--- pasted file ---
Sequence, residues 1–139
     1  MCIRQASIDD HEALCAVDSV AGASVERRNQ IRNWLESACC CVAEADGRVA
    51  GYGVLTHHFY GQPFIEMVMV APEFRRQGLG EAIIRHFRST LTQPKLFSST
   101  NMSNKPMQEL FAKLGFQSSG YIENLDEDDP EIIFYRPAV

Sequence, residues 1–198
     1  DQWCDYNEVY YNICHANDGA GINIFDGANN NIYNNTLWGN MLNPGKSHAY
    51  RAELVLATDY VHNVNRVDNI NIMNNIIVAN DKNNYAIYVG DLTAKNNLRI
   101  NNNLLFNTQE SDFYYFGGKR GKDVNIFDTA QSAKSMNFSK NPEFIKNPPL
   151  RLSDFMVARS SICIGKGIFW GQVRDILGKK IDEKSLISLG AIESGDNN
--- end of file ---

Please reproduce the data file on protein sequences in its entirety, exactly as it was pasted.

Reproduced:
Sequence, residues 1–139
     1  MCIRQASIDD HEALCAVDSV AGASVERRNQ IRNWLESACC CVAEADGRVA
    51  GYGVLTHHFY GQPFIEMVMV APEFRRQGLG EAIIRHFRST LTQPKLFSST
   101  NMSNKPMQEL FAKLGFQSSG YIENLDEDDP EIIFYRPAV

Sequence, residues 1–198
     1  DQWCDYNEVY YNICHANDGA GINIFDGANN NIYNNTLWGN MLNPGKSHAY
    51  RAELVLATDY VHNVNRVDNI NIMNNIIVAN DKNNYAIYVG DLTAKNNLRI
   101  NNNLLFNTQE SDFYYFGGKR GKDVNIFDTA QSAKSMNFSK NPEFIKNPPL
   151  RLSDFMVARS SICIGKGIFW GQVRDILGKK IDEKSLISLG AIESGDNN